I Am My Own Wife, the Jungle Theater’s new one-man show telling one of history’s truly compelling sagas, defies easy description.
Charlotte von Mahlsdorf, the show’s subject, is a man who has been dressing as a woman since age 16 in Nazi Germany. Playwright Doug Wright tells her true story through a series of interviews he conducted with her in the early 1990s, a portion of which is played back to the audience on an antique phonograph at the end of the play.
Charlotte’s extraordinary story is undeniably compelling. It is a tale of cross-dressing after being influenced by a staunchly lesbian aunt, of killing her father, of collecting extraordinary pre-World War artifacts and preserving them from the destructive forces in East Germany for 50 years, of brushes with the Stasi, and gaining and losing status as Germany’s cause célèbre at the end of her life.
Bradley Greenwald, who plays Charlotte, her interviewer Doug, and his translator John, is masterful in each role. His perfectly nuanced low-German accent deftly reveals Charlotte’s practiced façade in the face of memory, accusations, and praise. His quick transitions into Doug and John, although very brief, are equally impressive and expressive.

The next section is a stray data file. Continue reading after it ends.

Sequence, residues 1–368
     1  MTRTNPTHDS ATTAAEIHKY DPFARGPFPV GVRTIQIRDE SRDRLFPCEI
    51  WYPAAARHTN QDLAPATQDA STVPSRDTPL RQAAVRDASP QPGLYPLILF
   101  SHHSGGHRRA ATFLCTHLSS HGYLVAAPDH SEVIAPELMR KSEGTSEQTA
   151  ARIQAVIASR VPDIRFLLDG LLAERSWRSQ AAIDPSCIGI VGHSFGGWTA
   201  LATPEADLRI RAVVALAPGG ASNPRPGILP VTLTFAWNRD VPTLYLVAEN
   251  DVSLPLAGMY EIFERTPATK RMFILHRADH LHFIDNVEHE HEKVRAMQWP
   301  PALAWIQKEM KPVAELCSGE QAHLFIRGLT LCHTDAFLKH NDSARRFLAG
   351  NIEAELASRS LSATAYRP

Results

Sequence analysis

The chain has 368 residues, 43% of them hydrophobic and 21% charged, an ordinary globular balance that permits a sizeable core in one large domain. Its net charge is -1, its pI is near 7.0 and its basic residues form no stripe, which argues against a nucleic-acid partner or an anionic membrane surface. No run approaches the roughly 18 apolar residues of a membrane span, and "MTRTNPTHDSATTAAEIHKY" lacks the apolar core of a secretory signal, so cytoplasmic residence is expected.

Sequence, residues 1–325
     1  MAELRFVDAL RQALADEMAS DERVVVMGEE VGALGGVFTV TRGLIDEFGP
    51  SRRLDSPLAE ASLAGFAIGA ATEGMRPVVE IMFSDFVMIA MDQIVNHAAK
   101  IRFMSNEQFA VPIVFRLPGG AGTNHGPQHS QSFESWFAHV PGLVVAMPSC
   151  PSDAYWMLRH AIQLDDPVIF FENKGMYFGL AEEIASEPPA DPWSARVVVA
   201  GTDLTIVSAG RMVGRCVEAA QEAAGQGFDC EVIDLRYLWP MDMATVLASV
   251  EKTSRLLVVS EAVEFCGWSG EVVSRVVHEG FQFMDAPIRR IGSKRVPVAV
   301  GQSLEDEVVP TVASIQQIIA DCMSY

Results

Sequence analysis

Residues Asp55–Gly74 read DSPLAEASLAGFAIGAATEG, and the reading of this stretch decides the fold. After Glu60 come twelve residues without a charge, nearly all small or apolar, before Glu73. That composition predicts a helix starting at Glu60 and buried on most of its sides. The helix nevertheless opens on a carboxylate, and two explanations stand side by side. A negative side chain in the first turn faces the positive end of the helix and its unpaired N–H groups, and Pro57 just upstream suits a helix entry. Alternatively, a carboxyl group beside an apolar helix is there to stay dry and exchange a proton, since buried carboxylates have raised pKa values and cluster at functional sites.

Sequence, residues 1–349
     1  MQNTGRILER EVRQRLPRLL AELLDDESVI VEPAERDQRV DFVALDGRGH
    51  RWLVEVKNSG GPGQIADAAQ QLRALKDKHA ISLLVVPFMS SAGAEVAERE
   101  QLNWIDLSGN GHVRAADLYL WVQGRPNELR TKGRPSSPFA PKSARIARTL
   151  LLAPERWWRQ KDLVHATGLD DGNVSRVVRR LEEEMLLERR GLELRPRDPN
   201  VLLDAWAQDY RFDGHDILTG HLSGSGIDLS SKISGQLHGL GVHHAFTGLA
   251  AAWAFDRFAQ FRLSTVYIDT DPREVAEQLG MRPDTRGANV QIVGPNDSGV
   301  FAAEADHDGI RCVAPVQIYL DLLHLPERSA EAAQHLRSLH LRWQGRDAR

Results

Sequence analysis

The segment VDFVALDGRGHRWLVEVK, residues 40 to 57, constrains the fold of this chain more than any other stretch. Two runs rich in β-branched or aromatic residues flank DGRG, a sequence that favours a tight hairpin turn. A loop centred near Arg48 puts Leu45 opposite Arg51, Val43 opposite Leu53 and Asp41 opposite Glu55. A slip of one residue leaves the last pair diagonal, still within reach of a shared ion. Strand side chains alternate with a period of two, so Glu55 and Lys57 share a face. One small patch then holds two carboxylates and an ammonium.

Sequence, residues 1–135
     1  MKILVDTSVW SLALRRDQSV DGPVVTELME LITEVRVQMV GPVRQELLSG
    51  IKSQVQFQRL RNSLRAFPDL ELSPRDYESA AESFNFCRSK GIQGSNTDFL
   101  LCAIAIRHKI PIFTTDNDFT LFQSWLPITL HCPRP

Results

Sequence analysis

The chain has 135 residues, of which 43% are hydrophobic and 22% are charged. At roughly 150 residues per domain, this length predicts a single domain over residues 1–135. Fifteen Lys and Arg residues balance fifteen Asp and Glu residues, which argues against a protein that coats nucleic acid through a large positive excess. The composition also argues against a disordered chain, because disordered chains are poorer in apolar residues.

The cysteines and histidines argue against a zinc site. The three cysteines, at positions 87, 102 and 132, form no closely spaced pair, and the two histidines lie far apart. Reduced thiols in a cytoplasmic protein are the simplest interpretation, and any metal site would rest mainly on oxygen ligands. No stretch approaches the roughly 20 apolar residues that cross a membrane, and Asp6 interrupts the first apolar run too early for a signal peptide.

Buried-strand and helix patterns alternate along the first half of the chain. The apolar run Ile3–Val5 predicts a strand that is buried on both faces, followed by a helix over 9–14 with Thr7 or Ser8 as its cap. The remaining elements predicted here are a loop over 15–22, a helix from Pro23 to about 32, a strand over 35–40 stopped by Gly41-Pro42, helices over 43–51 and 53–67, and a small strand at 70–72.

Director Joel Sass’ adept hand is equally evident, most particularly in the set’s highly German efficiency. Every prop has a purpose and a place, and all are meaningfully displayed and explained to us through Charlotte’s narrative. A beautiful working phonograph provides the set’s centerpiece.
The material of I Am My Own Wife is difficult to grapple with. Is the show a celebration of Charlotte’s victory over her struggles? Is it an expose decrying her methods for survival? Is it the sad result of one young man’s dream to be a writer?
Because I Am My Own Wife is so complex, any of these theories could suffice. My own theory is that the show is a case study about how complicated the study of history can be. Does it matter if Charlotte did or didn’t lie about her experiences? Does it matter if she cooperated with the Stasi in order to survive as a transvestite and save her precious antiques?
As Wright himself concludes, it doesn’t matter. Instead of making Charlotte a hero or a villain, he shows her warts and all, and in doing so makes her someone we can all respect, even if we don’t agree with her methods.